Despite the clear appetite among scientists for research into RNA, this field is not without its challenges, which include the stability and delivery of RNA-based therapeutics.
Dr Clarke explained: “Compared with DNA, RNA has poor stability, and unless great care is taken during its preparation, RNA will quickly lose its structure and degrade. This characteristic makes RNA inherently difficult to analyse or to use as a therapeutic. In addition, the charged nature of RNA’s backbone greatly hampers its uptake into cells.”
Luckily, techniques are under development that may overcome these features. Scientists have also managed to address the challenges around RNA-binding proteins.
“RNA-binding proteins have long been regarded as undruggable,” said Dr Clarke, “largely due to their complex interactions with RNA. In addition, these proteins often consist of intrinsically disordered regions that lack discernible, druggable binding pockets that could be targeted by compounds. They also have conserved binding domains that can be shared by multiple RNA-binding proteins, and this may limit the discovery of selective inhibitors. However, thanks to scientific advances, RNA-binding proteins are showing increasing potential as therapeutic targets. In fact, drugs targeting different types of RNA-binding proteins are now entering early clinical studies.”
Will a better understanding of RNA change the treatment landscape in cancer?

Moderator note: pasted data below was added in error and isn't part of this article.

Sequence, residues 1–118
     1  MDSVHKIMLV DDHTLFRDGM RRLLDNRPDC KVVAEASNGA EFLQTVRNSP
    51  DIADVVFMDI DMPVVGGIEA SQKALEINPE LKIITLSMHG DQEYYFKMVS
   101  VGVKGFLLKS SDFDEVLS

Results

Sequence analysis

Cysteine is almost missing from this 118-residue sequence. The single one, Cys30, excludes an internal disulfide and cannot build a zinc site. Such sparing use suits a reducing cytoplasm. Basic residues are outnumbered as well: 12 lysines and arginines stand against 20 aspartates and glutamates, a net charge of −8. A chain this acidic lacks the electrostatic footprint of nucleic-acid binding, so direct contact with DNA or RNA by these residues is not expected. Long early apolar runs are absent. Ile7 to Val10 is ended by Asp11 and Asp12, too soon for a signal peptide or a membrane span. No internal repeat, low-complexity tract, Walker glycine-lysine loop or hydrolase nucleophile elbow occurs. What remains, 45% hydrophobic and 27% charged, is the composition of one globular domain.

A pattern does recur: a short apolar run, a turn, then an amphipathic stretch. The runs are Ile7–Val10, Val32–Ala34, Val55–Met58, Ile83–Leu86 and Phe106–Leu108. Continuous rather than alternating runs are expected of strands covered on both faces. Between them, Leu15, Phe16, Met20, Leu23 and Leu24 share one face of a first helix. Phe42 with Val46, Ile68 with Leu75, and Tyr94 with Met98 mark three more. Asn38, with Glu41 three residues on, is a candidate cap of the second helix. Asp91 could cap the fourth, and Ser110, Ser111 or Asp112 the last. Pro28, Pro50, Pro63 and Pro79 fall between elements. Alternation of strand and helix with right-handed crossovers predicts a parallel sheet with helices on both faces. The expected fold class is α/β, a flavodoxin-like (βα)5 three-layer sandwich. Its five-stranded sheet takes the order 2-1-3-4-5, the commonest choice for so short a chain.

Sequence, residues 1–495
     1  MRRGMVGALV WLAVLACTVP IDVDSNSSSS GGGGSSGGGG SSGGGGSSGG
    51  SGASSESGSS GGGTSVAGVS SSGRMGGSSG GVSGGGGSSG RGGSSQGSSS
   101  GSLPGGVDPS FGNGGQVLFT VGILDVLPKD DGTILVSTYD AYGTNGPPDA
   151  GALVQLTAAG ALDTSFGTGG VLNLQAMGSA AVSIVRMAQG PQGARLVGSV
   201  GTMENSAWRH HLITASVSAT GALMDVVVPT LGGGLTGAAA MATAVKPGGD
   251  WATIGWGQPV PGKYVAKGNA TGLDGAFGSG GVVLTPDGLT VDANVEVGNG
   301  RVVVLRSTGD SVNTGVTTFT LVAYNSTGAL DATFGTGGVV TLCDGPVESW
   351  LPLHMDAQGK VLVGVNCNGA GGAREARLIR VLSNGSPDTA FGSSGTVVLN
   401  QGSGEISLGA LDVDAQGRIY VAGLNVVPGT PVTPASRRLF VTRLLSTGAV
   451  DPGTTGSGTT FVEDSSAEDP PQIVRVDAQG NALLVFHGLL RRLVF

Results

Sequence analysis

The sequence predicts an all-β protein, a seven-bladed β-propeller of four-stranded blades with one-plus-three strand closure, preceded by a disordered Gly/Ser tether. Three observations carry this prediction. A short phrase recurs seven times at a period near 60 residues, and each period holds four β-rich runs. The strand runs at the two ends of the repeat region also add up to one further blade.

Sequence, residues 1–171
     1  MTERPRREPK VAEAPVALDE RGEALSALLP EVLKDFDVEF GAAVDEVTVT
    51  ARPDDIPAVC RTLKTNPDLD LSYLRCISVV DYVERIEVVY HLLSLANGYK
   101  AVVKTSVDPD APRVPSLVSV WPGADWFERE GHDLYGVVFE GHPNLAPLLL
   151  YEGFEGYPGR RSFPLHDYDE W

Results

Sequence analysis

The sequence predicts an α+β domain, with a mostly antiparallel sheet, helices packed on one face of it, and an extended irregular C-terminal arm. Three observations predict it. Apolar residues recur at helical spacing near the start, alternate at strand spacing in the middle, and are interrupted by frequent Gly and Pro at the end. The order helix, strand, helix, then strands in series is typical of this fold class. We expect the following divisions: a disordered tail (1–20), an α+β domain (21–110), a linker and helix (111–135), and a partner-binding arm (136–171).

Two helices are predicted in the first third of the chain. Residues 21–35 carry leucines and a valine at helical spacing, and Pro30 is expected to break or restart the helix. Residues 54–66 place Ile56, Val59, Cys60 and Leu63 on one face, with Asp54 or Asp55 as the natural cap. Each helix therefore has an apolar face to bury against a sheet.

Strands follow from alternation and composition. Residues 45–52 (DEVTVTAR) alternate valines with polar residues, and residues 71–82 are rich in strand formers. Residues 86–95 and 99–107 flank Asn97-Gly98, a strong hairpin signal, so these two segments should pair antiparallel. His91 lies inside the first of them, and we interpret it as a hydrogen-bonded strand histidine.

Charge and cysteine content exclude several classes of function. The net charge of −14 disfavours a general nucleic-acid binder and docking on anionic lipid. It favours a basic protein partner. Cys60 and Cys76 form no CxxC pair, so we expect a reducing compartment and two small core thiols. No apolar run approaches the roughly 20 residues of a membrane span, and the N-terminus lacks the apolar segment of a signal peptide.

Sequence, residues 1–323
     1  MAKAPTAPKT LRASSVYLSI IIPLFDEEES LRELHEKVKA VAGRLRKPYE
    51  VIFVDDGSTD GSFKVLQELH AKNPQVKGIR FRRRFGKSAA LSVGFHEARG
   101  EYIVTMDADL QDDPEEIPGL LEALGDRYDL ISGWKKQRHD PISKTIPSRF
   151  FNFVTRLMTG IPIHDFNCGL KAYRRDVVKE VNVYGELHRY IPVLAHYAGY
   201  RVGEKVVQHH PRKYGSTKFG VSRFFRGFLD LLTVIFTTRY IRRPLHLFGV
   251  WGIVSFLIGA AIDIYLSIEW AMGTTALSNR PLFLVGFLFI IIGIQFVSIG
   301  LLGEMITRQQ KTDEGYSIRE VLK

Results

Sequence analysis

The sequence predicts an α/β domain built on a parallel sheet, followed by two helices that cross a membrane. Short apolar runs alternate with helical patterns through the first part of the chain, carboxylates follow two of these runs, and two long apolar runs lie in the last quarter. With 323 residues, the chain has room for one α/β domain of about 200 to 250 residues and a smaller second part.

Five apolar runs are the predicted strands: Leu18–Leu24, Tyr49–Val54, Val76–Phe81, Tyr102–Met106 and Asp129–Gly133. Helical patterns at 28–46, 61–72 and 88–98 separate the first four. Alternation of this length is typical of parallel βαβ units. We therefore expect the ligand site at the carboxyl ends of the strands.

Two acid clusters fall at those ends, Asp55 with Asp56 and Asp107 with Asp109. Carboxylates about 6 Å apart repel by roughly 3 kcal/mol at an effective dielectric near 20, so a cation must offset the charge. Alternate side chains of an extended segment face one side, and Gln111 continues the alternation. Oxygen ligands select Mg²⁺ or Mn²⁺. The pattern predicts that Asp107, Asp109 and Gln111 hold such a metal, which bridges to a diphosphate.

It’s too early to know how much impact RNA research will have on cancer treatment, but scientists are investigating various approaches. Some are exploring using RNA as the actual treatment, either delivering it as part of a vaccine or using certain ncRNAs to block the translation of mRNA. Others are working on using small molecule therapeutics – drugs with a low molecular weight that can enter cells easily – to target and inhibit the activity of RNA-binding proteins.
ICR scientists are part of a team investigating a protein called RBM39, which removes non-coding sections of mRNA. By targeting RBM39 for destruction, the drug indisulam impairs the activity of mRNA, preventing excessive cell growth. It might be effective as a treatment in high-risk neuroblastoma.
Read the publication in the journal Nature Communications
Dr Clarke is excited by the momentum in RNA therapeutics. “It has re-ignited my interest in targeting the regulation of RNA processing and function in cancer,” he said. “My team is currently focusing on the discovery of compounds able to inhibit a class of RNA-binding proteins that influences the structure of RNAs that support the cancer state. We are also working on targeting an RNA-binding protein that regulates protein synthesis and cooperates with oncogenes during tumorigenesis.”
Professor Pena regards RNA biology as now being “at the forefront of molecular biology research”. He said: “The study of splicing and ncRNAs has revolutionised our understanding of RNA's significance beyond being a simple intermediary. We now see it as the molecular support of information processing in cells. It is the complexity of processing information that accounts for the complexity of life. Had RNA been only an ordinary copy of DNA, life could not go further beyond basic prokaryotes or even hardly pass an abiotic stage. I think RNA deserves the role of a cultural symbol more than DNA, whose importance stems more from historical reasons.”
On this World RNA Day, let’s celebrate RNA getting its moment in the spotlight and hope that RNA research will lead to better outcomes for everyone living with cancer.